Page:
So where did the 'bleach' meme come from? The FDA press release is the answer - it describes the product as "an industrial bleach" and "a potent bleach used for stripping textiles". (I have no idea what stripping textiles is). The FDA is correct is saying it is *a* bleach, but that's not the same as saying it is 'bleach', because bleach already means something in people's minds and they use it as a pretty potent chemical for cleaning loos. For instance, everyone knows that lemon juice can bleach your hair - go out in the sun with lemon juice in your hair and it will bleach. It is *a* bleach - I should be able to drink some quite happily without being accused of 'drinking bleach'.

And what about the 'drinking' part? The websites advocate 'a few drops' - Jim Humble's own website states:
Begin with taking one drop of MMS each hour for at least 10 hours a day. The drop, of course, must be activated with 5 drops of lemon juice or 10% citric acid. You wait 3 minutes and then add 1/3 glass of water or juice and drink that. Do this every hour for 10 hours straight each day

So clearly 'drinking bleach' is not what is being advocated and not what Jim Humble (the supposed MMS guru) has divined - because it is neither being drunk nor is it bleach.

What about the concentration of ClO2 in the final dose? How does that compare with FDA guidelines? Time is not allowing me to do this as accurately as I'd like, so there may be mistakes in here (please correct them if you spot them).

MMS is sold as a 28% solution - I'm going to assume this is by weight, i.e. 28 g in 100 g of solution, I'm also going to assume the density of the solution = 1 g/cm3.

The users are told to use citric acid (in excess, so the amount doesn't matter) to produce the ClO2 – citric acid is a strong enough acid to do this. 28 g of NaClO2 in 100 ml is 0.25 mol (RMM=110), which means there is 2.5 mmol in 1cm3. Assume 20 drops in 1 cm3 (I think this is standard), which means each time you take the MMS you are getting 0.125 mmol of NaClO2 and hence the same of ClO2. This is then added to 1/3 glass of water or juice (I'm assuming that's 100ml, so you have a solution of 0.125 mmol of ClO2 in 100 ml, or 4.69 mg in 100 ml, or indeed, 46.9 mg/l. Compare this with the FDA limit of 0.8 mg/l and you'll see that Jim Humble is recommending about 60 times the FDA limit, and that this is to be taken every hour for 10 hours.

"The dose maketh the poison" as someone wise and important pointed out. Despite the fact that most people reading this blog have ingested ClO2 at some point (swimming pools, drinking water etc) it is still a completely crazy situation where someone is suggesting taking ClO2 in the form prescribed by Jim Humble. This is out and out quackery at its highest level - a huge amount of risk and absolutely no reward possible.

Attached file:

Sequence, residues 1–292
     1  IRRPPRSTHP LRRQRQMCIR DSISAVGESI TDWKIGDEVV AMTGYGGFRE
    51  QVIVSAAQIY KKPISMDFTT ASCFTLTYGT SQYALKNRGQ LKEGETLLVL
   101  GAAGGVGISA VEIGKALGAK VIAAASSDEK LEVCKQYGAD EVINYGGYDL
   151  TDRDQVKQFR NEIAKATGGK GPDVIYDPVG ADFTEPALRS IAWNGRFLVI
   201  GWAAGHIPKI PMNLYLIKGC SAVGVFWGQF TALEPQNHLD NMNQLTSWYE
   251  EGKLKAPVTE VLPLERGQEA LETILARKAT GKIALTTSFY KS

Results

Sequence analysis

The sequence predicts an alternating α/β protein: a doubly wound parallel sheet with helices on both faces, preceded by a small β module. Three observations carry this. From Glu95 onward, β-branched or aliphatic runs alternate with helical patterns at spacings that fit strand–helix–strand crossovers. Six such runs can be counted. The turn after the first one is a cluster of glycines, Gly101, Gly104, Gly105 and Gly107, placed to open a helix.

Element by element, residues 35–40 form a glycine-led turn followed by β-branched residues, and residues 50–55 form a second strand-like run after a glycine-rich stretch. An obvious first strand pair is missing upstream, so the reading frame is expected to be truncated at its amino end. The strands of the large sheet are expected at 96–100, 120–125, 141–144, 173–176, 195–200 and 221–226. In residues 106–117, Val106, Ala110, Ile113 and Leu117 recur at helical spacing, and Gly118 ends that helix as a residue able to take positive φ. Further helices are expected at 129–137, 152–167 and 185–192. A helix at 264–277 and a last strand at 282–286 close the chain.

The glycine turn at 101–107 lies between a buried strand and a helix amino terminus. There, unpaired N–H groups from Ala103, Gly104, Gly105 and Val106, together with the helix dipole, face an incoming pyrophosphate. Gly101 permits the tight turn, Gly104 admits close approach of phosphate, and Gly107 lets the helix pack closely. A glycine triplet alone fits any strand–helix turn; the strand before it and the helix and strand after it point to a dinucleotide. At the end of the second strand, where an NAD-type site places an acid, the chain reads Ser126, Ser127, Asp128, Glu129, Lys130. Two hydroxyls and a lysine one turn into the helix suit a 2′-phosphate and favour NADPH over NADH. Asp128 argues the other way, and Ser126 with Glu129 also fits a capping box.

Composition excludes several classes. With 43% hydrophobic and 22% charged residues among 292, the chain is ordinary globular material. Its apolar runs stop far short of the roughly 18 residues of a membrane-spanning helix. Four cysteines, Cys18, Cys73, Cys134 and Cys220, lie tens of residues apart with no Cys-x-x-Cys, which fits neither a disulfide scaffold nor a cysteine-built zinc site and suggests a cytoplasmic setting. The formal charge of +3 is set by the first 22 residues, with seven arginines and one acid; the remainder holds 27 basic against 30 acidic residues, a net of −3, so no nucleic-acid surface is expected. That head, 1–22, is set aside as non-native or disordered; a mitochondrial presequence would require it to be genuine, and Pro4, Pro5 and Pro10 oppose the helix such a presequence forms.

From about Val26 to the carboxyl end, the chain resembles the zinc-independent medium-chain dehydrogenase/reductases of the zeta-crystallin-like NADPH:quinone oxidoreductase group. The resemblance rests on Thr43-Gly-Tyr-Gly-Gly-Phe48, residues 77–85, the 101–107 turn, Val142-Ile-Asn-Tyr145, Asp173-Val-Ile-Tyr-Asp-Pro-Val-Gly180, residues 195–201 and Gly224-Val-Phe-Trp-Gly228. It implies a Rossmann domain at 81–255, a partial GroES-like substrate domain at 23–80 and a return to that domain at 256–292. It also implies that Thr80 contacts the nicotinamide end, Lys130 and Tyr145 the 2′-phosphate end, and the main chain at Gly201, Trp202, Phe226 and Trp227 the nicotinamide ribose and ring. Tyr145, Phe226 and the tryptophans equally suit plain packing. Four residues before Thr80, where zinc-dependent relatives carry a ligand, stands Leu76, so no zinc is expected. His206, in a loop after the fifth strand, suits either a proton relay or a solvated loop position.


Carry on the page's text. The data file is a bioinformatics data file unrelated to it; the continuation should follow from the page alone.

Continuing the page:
The story of Rhys' treatment on the Crohn's Forum website is indicative how alt-med react when presented with scientific facts, and that this is a product which the ASA, MHRA, and Trading Standards should all be made aware of - I can't really imagine it being banned, but at least controlled somehow and the people making the nonsense claims given a penalty.

So in my view, the story is fascinating, from lots of angles, but most importantly the complaints are valid and worthwhile, even if somewhere along the way, the Twitterati hyped the story to the point where it might have been quite at home in the Daily Mail.


Friday, August 13, 2010

Pod Delusion: Miracle Mineral Solution

Here's this week's episode of the Pod Delusion, which contains a short interview I did with Rhys Morgan, who got thrown off the Crohn's Forum website for posting an FDA Warning about a product called Miracle Mineral Solution which had been promoted as a suitable treatment for Crohn's diseases on the site.

You can read more about the story at Science Based Medicine, NoodleMaz, PodBlack (and lots of others) and follow Rhys' story on his own blog at TheWelshBoyo.

(I think it's worth mentioning, James O'Malley kindly upgraded my humble PhD to that of a medic on the podcast - I'm not a medic & wouldn't want to suggest that I am.)